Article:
Apple recently announced that they will be paying labels, publishers and other music owners more than 70 percent of revenues from its new music streaming service, Apple Music. The company is even paying artists during the three month trial period of the service, largely thanks to a very public complaint from Taylor Swift.

Though exact numbers won’t be available from Apple Music for a while, Spotify has said they pay labels and publishers somewhere between $0.006 and $0.0084 per stream. Or to put it another way, a song would have to be streamed nearly 16 thousand times to generate a dollar’s worth of pay from Spotify.

That, mixed with the fact that the younger generations growing up right now haven’t had to learn the discipline or concept of paying for music, it will be tough to find new customers when there simply appears to be no need for them. However, this new bill being put forth by Congress is attempting to mend the situation.

The only reason satellite and Internet radio stations pay any royalties at all is the Digital Millennium Copyright Act of 1998. But many stations get away without paying any royalties to music made prior to 1972, because prior to that year, recordings were only protected by state law, not federal. Fair Play, Fair Pay would also amend this to ensure that all music master recordings used by any form of radio must be paid royalties.

“Profiting from someone else’s labor and not paying is simply unfair. The failure to adequately pay artists and musicians is particularly harmful to communities like Detroit, which has so many legacy artists who should be compensated fairly for their groundbreaking contributions to the industry. I am happy to support this bill because it provides long overdue fairness for artists regardless of when their music is recorded or where it's played,” Conyers, Jr. said in a statement in regards to his support of the bill.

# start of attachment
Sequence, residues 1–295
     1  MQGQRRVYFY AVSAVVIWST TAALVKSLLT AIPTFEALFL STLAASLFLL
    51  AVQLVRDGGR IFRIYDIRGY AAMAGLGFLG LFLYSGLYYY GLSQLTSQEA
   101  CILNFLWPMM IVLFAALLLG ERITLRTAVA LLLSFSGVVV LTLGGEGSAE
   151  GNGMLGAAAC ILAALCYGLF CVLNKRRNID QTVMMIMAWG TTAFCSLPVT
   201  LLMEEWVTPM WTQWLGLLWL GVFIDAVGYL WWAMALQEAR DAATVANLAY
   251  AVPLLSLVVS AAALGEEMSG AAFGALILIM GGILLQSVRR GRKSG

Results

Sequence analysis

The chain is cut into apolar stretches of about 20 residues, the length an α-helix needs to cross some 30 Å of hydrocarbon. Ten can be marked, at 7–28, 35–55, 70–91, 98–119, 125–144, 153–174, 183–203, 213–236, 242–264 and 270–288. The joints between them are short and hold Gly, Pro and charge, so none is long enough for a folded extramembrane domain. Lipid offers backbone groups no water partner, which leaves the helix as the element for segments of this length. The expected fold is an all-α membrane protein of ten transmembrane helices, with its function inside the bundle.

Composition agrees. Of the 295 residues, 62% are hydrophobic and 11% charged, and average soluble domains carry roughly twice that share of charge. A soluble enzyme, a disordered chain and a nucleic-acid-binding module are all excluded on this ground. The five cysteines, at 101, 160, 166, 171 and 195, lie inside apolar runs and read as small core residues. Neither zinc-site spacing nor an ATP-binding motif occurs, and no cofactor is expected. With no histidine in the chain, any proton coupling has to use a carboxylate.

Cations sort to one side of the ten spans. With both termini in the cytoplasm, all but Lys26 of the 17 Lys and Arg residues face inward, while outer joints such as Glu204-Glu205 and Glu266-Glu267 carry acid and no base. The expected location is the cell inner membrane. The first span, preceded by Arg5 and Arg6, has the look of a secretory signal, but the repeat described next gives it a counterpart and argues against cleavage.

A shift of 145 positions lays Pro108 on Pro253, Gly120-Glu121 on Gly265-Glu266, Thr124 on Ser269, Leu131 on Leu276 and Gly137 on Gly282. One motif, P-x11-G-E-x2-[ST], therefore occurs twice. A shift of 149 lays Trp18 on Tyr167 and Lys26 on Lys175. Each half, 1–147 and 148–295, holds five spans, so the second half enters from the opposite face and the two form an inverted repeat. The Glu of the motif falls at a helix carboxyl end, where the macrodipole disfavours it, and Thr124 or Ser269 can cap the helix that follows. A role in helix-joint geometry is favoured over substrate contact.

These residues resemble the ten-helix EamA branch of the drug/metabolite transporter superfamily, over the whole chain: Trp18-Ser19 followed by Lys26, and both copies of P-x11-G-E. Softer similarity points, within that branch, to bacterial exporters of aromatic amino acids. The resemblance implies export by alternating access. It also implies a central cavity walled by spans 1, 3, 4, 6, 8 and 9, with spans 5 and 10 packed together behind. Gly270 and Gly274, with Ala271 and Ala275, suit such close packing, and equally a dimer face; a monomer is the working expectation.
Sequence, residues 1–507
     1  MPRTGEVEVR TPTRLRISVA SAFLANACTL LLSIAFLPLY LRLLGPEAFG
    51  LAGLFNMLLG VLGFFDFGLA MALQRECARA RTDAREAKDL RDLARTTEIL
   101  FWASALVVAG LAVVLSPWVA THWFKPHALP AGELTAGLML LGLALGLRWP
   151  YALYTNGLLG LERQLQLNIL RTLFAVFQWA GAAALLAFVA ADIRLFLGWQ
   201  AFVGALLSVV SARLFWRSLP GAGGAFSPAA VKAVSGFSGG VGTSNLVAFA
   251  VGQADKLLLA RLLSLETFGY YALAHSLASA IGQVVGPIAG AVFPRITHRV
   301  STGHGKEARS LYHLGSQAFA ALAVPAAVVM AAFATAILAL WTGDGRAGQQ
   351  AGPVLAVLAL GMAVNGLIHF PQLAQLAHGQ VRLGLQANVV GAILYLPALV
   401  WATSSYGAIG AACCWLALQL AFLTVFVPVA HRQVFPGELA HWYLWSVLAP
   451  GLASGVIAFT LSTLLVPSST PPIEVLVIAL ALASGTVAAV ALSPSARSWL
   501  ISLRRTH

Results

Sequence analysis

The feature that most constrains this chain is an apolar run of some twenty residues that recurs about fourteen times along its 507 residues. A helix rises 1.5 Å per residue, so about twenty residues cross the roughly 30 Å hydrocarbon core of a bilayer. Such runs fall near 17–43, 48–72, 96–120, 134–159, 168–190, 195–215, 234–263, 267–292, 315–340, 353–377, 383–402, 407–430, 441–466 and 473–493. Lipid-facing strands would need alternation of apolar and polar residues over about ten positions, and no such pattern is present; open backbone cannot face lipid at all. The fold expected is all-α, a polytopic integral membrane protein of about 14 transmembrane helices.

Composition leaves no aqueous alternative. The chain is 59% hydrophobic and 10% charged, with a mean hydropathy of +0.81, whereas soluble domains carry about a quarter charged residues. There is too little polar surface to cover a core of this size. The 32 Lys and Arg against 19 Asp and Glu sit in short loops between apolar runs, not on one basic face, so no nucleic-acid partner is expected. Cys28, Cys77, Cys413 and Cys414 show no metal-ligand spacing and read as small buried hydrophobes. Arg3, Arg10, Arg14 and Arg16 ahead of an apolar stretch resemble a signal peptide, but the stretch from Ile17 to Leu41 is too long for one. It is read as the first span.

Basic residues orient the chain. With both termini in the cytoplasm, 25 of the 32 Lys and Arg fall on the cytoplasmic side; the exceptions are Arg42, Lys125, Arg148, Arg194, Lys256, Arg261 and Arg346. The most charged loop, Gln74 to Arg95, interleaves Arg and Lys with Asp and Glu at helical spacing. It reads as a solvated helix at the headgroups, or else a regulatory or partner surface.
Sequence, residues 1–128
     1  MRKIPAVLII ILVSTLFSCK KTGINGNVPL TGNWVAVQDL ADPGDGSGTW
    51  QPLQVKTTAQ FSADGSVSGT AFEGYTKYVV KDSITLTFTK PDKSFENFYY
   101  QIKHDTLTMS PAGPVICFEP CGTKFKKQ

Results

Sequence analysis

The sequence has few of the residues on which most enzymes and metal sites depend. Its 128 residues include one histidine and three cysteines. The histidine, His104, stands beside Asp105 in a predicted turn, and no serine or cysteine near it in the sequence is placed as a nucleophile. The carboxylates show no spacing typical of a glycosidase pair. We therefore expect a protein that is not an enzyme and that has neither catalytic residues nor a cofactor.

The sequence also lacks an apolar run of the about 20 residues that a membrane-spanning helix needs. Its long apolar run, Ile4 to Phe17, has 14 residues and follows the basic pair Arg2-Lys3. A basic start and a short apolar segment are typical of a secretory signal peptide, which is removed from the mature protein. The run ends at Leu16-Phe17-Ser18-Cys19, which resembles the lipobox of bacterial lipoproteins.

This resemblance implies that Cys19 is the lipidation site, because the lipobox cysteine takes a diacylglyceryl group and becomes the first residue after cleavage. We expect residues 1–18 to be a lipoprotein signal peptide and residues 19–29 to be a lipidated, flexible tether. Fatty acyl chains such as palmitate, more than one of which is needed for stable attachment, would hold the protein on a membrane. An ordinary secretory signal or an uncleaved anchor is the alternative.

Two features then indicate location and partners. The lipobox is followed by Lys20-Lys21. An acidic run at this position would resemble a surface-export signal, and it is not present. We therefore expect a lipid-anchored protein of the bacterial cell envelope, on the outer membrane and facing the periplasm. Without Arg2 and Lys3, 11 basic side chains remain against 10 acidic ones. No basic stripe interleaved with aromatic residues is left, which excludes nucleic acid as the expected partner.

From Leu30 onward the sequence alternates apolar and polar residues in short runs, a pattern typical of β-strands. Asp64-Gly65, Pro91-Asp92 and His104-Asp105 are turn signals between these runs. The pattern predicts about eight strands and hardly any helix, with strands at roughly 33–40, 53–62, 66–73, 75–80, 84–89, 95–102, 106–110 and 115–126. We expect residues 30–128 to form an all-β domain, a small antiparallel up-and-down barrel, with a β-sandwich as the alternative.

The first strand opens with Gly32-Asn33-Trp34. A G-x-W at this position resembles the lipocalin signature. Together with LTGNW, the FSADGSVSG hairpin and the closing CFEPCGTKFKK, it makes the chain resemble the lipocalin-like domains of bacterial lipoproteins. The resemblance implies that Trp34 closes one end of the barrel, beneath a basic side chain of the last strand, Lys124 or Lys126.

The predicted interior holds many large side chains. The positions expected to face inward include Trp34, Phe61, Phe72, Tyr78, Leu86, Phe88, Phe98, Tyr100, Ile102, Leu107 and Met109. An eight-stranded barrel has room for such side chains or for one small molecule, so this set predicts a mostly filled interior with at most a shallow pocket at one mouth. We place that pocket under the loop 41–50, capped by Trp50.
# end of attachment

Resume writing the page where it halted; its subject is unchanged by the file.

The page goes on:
Most supporters of the bill are quick to point out that the only other countries that don’t pay performers royalties for use of their work on the radio are Iran, China and North Korea. In terms of aligning with a nation's values, those are not exactly countries one would expect to see the United States listed with most of the time.

“The fact that the United States has aligned its system for compensating artists with regimes like Iran and North Korea is shameful. It is destructive to the future of American music and threatens the art of a new generation of artists,” said Ted Kalo, Executive Director of the musicFIRST Coalition, one of the bill’s chief supporters.

Though the idea that radio stations should pay royalties to the creators seems relatively cut and dry, there is quite a bit of opposition to the idea, which is why similar measures have failed to pass when they have been brought to a vote.

The National Association of Broadcasters, the radio industry's lead trade organization, has been very vocal about their opposition to the Fair Play, Fair Pay, and claim that it will hurt the economy and cost people jobs.

"A little over three months into the new Congress, 147 House Members and 11 Senators already agree that the fees proposed by Rep. Nadler would kill jobs, hurt artist promotion and devastate local economies across America,” said NAB in a statement.

However, the bill says that it will ensure that the royalties and fees are affordable for the stations. Stations with $1 million or less in annual revenue would be capped at $500 per year and noncommercial stations would be capped at $100. Also, religious use and incidental use of music would be exempt.

Currently the bill is at a bit of a standstill, but it is going to come to a vote at some point. Convincing people to buy music in an age where content is so disposable and easily obtained through new means may not be the answer anymore. Getting those who profit off the use of the music though, that very well may be, at least if Nadler has his way.

Those who would like to voice their support for the Fair Play, Fair Pay Act of 2015 can visit http://musicfirst-coalition.rallycongress.com/17671/support-fair-play-fair-pay-act/.

Ryan Scott is a contributor to Modern Times Magazine.